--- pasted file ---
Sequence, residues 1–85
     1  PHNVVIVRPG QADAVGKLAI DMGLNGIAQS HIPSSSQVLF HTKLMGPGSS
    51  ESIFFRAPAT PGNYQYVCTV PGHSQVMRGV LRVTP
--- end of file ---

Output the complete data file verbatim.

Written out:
Sequence, residues 1–85
     1  PHNVVIVRPG QADAVGKLAI DMGLNGIAQS HIPSSSQVLF HTKLMGPGSS
    51  ESIFFRAPAT PGNYQYVCTV PGHSQVMRGV LRVTP